'EuroTrump': Film Review
Far-right Dutch politician Geert Wilders gets a chance to defend himself in this feature documentary from Nicholas Hampson and Stephen Robert Morse.
Controversial Dutch politician Geert Wilders makes for an affable commentator on his own life in EuroTrump, a studiously evenhanded look at the anti-Islam populist and the rising nationalism that is his stock in trade. Following Wilders in the run-up to 2017's Dutch election, the film hops between interviews with the man himself and with a series of pundits, most of them skeptical of his agenda. The latter's criticisms are never directly put to Wilders, who instead gets lobbed a series of softballs and word association games by the filmmakers. Nicholas Hampson and Stephen Robert Morse's conventional but snappily engaging documentary should nevertheless prove catnip for political junkies when it arrives on Hulu June 30, after premiering at DOC NYC last year.
Appropriately enough for a feature that's partly about the power of technology, specifically Twitter, the pic opens with direct messages from the filmmakers flung up on the screen, soliciting Wilders' participation. The directors and their subject go on to exhibit a relaxed enjoyment in each other's company, with the Party for Freedom leader narrating a potted history of his political formation and rise. Living in Israel as an 18-year-old, the young national serviceman was struck by the hatred directed at the country by its enemies, which he clearly attributes, then and now, to extremist Islamic beliefs. One of a series of photographs the filmmakers present to him sees the imperious teen getting his trainers polished by an Arab shoeshine. The photo is politically incorrect, the adult Wilders admits, but he still likes it.
Frequent ride-alongs give an informal insight into an ever-unflappable man who thinks of himself as a parliamentary warrior. One scene even has him putting a flak jacket on next to what appears to be a crusaders' sword. A précis of the anti-immigration platform on which Wilders campaigns is supplied by a montage of newscast headlines and archival clips, and the film captures the canny way in which Wilders has consistently moved the goalposts; where once he prefaced comments with an acknowledgement that most Muslims are peace-loving, his rhetoric has become increasingly catch-all. A speech that led to his prosecution by the public attorney, in which he seemed to advocate for deportation, sees him compared to Hitler. Wilders expertly deflects the charge, instead drawing a line between fascism and Islamism.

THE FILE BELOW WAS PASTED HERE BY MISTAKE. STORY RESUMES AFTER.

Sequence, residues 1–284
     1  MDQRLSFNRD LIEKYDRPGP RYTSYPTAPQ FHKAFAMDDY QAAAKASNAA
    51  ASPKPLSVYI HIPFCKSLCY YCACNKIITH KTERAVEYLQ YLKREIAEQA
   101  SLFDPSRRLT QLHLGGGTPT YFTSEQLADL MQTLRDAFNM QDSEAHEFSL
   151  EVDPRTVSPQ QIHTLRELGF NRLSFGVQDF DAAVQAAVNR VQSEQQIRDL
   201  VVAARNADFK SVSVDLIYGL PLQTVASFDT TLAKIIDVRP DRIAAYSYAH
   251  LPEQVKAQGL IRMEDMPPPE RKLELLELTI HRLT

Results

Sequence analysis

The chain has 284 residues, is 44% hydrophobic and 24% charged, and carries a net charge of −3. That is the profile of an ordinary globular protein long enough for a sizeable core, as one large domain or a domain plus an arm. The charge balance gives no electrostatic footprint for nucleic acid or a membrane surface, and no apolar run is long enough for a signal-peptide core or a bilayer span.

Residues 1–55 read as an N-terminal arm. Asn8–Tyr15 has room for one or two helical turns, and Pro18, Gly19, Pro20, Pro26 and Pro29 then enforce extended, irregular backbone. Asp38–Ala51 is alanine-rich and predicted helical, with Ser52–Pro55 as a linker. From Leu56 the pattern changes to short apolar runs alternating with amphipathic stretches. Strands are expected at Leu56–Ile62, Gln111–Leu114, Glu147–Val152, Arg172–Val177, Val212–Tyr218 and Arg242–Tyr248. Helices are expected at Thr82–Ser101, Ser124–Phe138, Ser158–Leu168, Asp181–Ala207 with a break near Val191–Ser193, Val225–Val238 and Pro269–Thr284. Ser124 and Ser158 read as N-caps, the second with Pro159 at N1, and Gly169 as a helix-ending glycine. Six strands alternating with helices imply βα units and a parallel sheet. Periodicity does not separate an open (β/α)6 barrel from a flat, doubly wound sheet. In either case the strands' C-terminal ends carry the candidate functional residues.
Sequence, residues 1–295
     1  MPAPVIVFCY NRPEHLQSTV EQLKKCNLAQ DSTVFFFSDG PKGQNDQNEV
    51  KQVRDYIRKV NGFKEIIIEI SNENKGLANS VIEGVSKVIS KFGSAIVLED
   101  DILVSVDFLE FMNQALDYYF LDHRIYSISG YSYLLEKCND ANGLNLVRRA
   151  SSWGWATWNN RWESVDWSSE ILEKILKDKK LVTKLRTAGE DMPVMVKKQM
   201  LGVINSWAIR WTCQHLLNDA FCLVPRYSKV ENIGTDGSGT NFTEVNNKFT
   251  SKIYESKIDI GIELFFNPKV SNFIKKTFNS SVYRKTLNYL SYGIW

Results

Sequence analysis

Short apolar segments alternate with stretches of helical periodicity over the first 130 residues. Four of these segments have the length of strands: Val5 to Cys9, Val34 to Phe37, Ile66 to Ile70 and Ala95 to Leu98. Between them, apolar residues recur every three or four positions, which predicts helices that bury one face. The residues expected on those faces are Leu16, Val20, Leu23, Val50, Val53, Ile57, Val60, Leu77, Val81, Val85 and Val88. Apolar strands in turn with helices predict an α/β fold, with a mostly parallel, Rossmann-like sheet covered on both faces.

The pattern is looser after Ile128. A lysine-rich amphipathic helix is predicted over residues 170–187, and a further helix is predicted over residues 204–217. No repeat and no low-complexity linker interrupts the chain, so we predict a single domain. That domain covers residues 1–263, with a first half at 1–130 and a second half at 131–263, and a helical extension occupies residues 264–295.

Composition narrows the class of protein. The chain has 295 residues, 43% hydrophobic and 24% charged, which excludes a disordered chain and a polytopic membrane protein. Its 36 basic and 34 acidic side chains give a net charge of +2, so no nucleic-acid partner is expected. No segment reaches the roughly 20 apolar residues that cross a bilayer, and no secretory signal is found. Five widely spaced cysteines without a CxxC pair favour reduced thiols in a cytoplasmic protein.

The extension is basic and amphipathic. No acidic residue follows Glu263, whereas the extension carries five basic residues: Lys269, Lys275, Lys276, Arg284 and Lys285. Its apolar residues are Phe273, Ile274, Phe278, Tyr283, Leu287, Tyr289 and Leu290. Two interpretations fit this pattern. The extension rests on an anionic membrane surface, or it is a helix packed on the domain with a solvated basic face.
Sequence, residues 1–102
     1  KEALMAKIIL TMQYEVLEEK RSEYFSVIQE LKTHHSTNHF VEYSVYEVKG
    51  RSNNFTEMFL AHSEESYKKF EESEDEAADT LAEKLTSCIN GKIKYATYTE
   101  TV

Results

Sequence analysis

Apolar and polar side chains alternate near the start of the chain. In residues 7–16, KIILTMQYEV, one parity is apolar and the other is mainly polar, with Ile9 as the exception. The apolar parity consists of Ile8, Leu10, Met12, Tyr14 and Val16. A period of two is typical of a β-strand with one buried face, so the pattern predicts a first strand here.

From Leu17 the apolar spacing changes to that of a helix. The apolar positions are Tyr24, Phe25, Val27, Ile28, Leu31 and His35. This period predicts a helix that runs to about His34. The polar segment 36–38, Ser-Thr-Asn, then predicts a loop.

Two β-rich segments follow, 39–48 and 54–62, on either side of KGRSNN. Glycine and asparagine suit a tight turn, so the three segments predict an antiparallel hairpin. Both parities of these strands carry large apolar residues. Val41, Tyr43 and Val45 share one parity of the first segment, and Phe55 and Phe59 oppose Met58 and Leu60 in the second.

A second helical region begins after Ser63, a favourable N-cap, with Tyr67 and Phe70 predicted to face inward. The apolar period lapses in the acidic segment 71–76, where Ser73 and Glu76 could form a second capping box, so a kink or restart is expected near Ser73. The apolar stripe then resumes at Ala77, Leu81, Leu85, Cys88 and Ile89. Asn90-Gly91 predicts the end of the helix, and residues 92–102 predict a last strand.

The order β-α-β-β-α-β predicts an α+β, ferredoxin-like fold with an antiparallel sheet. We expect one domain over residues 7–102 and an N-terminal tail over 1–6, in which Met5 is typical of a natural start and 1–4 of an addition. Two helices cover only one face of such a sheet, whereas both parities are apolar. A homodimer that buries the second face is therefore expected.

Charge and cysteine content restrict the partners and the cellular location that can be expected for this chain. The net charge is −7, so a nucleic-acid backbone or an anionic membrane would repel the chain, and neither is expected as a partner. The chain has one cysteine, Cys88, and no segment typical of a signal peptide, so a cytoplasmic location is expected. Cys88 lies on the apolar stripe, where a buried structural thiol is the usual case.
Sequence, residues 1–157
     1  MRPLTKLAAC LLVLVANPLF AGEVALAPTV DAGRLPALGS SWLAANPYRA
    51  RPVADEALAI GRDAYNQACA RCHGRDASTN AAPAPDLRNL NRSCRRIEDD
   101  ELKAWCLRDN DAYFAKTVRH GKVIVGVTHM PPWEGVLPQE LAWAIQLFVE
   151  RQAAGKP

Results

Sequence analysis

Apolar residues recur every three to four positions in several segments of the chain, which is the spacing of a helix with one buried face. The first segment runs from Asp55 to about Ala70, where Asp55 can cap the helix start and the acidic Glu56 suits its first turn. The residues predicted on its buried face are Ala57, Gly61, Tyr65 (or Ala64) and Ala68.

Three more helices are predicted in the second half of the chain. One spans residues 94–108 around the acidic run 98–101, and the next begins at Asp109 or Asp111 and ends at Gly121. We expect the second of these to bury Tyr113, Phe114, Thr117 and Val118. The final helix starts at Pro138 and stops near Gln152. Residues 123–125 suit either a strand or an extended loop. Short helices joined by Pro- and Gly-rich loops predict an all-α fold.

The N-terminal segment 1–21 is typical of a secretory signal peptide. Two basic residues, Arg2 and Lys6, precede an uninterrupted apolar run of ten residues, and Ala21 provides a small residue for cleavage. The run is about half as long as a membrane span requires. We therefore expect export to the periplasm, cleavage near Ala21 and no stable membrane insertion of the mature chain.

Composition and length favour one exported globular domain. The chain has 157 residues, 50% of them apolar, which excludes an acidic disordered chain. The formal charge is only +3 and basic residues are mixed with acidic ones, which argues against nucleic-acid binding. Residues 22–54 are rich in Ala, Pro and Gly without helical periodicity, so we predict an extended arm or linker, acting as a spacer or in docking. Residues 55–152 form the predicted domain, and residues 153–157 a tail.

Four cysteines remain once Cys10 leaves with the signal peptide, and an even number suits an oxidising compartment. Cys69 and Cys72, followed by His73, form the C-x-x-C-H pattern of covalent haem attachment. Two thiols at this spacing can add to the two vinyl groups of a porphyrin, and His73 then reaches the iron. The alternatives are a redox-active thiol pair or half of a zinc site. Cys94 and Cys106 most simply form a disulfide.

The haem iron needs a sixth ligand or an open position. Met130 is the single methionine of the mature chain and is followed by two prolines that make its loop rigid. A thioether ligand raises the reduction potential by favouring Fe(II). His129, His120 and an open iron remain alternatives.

One commentator notes the fastidious effort that populists put into their appearance, in marked contrast to their drab liberal counterparts. Trevor Noah compares Wilders' slicked-back peroxide mane to Boris Johnson's mop in the U.K., and of course to that of the American incumbent. But though Hitler and Wilders might both know their way around a comb, the latter is more like "a modern-day Winston Churchill," according to The American Freedom Defense Initiative's Pamela Geller, a longtime friend. The rise of populism in the United States shadows everything, and EuroTrump makes the case that the story of the global far-right's current moment begins in the Netherlands.
In addition to his political ideology, Wilders talks about his love for his Hungarian wife and their decision not to have children, and editors Hampson and Luke Springer cut from the incendiary speech that led to his prosecution to Wilders talking about his kittens. Since the assassination of filmmaker Theo Van Gogh in 2004, the couple has lived with round-the-clock security — not imprisoned but "unfree," as Wilders puts it. Harry Brokensha's pulsing score turns plaintive during these interludes, with piano chords the soundtrack to isolation. Research into people with 24/7 security shows they're susceptible to paranoia, the film informs us, though this particular persecution complex seems more credible than most, as various clips of death threats made against Wilders make plain.
The Dutch election, in which the momentum of Trump and Brexit was to be either halted or turbocharged in Europe, comes into focus only in the last 20 minutes, with Hampson's crisp lensing following the candidate around a variety of wintry campaign events, from Rotterdam to the Hague to Spijkenisse, the party's spiritual home. The way in which the result was framed by international journalists such as Christiane Amanpour as a blow to nativism is roundly labeled misguided by the locals, who point out that Wilders was able, though crime and unemployment are low, to make the election entirely about identity. Wilders himself shows no signs of being rattled by placing second; next time he'll gain a majority, he promises.
Production company: OBSERVATORY
Directors: Nicholas Hampson, Stephen Robert Morse
Writers: Maria Springer, Stephen Robert Morse
Producer: Stephen Robert Morse
Executive Producer: Maria Springer
Cinematographer: Nicholas Hampson
Editors: Nicholas Hampson, Luke Springer
Music: Harry Brokensha